Congratulations, you just had a baby! Now what?
Whether it’s your first, second, or eighth child, the initial weeks of life with a newborn can be a sleep-deprived blur. Hopefully, your first few days postpartum come with the support of knowledgeable, compassionate nurses and hospital staff. So before being discharged home with your bundle of joy, the experts at Boston Children’s Primary Care Alliance advise taking advantage of hospital resources while you can.
Here are a few suggestions:
Have your car seat inspected or installed
Many states have laws requiring newborns to have a properly fitted car seat, including a five-point-harness seat for infants and a specially fitted seat for babies under 5 pounds.
Ask your care team about a car seat check before leaving the hospital. Many facilities have certified child-safety professionals who help install or inspect your car seat to ensure a proper fit. If that’s not available where you deliver, many police and fire stations also offer this service.
Learn the swaddle (and other baby-care tips)
Swaddling your baby when they sleep can prevent flailing arms and legs, which triggers the startle reflex and wakes them. And no one knows how to swaddle a baby better than a labor and delivery nurse, so ask yours to teach you the best swaddle technique. While you’re at it, don’t hesitate to ask for other tips and tricks on newborn care, including bathing your baby, cutting their nails, and caring for the umbilical cord.
If you breastfeed, meet with a lactation consultant
Even if you’ve breastfed before or it’s going well in the hospital, it’s a good idea to meet with a lactation consultant (known as an IBCLC) before you are discharged. They can ensure your baby is latching correctly, set you up with a breast pump (many are covered by insurance), and answer any questions. It’s also helpful to ask about the best way to get assistance once you’re home. Some lactation consultants do in-home visits.
Stock up on the freebies
The hospital will most likely provide samples of items such as baby formula, diapers, lanolin cream, as well as a bulb nose syringe, peri bottle, pads, and mesh underwear. Don’t be shy about asking for a few extra. You’ll find these items to be invaluable once you’re home.
Call your insurance company
Avoid surprise charges by contacting your insurance company as soon as you can to add your newest family member to your plan. If you don’t have medical insurance, speak with your hospital’s social worker about your options.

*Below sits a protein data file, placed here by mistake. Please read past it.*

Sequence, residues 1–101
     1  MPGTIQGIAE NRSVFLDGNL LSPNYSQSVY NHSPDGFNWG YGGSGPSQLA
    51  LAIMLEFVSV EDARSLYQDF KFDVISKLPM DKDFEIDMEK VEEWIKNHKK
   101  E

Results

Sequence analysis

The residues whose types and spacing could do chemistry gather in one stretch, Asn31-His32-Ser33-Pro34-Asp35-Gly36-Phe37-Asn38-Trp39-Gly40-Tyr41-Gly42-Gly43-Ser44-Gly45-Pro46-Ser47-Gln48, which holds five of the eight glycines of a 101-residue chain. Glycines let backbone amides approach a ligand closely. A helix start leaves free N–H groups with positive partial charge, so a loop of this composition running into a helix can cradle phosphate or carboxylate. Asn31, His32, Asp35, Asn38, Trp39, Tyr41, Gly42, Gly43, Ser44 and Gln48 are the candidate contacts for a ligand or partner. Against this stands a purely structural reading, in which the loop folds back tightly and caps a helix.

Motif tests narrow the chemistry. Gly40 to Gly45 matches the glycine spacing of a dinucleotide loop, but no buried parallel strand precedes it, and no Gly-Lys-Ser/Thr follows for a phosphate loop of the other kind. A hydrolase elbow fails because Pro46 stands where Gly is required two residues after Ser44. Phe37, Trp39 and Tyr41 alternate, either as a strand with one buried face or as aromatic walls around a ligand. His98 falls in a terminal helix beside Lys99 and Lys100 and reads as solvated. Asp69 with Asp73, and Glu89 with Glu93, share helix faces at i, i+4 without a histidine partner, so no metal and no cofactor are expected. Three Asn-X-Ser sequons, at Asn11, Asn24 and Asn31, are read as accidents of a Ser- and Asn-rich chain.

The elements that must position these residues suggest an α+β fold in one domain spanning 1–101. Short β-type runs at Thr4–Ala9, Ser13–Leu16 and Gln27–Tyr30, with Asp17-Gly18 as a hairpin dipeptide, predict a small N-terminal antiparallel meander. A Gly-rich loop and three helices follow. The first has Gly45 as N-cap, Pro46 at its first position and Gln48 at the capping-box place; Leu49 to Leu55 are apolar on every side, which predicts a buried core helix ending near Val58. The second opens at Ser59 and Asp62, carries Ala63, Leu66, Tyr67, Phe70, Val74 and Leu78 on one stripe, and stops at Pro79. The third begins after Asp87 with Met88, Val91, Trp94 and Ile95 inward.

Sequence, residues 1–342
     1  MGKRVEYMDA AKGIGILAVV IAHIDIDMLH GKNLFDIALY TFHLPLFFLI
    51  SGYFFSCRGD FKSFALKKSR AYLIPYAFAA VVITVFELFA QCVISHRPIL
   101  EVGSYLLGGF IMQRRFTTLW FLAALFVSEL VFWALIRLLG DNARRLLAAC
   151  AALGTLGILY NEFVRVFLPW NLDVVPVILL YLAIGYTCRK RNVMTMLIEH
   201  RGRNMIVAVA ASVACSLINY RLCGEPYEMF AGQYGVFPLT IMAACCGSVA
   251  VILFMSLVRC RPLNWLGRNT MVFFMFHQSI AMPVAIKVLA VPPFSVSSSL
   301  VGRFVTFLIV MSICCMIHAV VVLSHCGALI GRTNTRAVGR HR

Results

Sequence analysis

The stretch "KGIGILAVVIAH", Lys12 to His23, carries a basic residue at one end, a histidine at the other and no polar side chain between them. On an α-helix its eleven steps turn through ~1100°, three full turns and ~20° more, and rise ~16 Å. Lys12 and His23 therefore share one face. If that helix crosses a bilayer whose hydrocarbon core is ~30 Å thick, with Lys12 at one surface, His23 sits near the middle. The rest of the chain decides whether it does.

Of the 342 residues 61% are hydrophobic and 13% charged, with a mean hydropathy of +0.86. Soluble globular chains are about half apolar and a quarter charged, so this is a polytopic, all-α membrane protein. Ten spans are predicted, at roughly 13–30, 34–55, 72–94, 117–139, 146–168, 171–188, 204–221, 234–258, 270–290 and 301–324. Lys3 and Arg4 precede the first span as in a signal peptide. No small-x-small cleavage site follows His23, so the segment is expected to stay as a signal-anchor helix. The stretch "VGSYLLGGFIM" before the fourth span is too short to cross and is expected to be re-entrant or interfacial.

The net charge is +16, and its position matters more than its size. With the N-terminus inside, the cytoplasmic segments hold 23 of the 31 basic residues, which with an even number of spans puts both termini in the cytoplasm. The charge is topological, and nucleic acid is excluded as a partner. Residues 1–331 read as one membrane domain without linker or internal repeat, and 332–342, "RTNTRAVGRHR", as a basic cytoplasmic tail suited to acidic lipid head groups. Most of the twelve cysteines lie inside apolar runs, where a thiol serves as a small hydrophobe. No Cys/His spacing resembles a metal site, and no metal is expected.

Ask for help and boundaries
Whether it’s scheduling meal deliveries, cleaning services, or visits from friends and family, it’s a great idea to have support ready to help. When you’re ready for it.
Your pediatrician is there to help if you’re feeling overwhelmed or challenged in establishing boundaries for your new family. Dr. Michelle Lock of Commonwealth Pediatrics encourages new parents to discuss these issues during their first visits to the office.
Speak with your pediatrician
Infants can see their pediatrician multiple times within their first few months for weight checks and other vitals. If you’re able to schedule a few of these appointments before leaving the hospital, it’s one less thing to do once your home. If you haven’t found a pediatrician, the Boston Children’s Primary Care Alliance is a great place to start.
“Everyone loves to help with new babies, but it may take time to figure out what’s actually most helpful for you,” says Dr. Lock. “Some new parents want visitors to help rock and diaper the baby, while others prefer their friends and family drop off a meal or a load of clean laundry and save a visit for later.”
Learn more about Boston Children’s Primary Care Alliance.
Related Posts :
Ten questions to ask when choosing a pediatrician for your family
Selecting a pediatrician is an important decision and one that parents shouldn’t take lightly. Pediatricians specialize in caring for ...
Behavioral health: What parents should know
Even before a worldwide pandemic uprooted life as we knew it, our children have been grappling with an unprecedented health ...
HPV vaccine: What families should know
Nearly 80 million Americans are currently infected with human papillomavirus (HPV). For most, HPV goes away on its own. If it ...
SMART: A new approach to asthma management
Until recently, the typical approach to asthma involved two inhalers. In its first update since 2007, the National Asthma Education and ...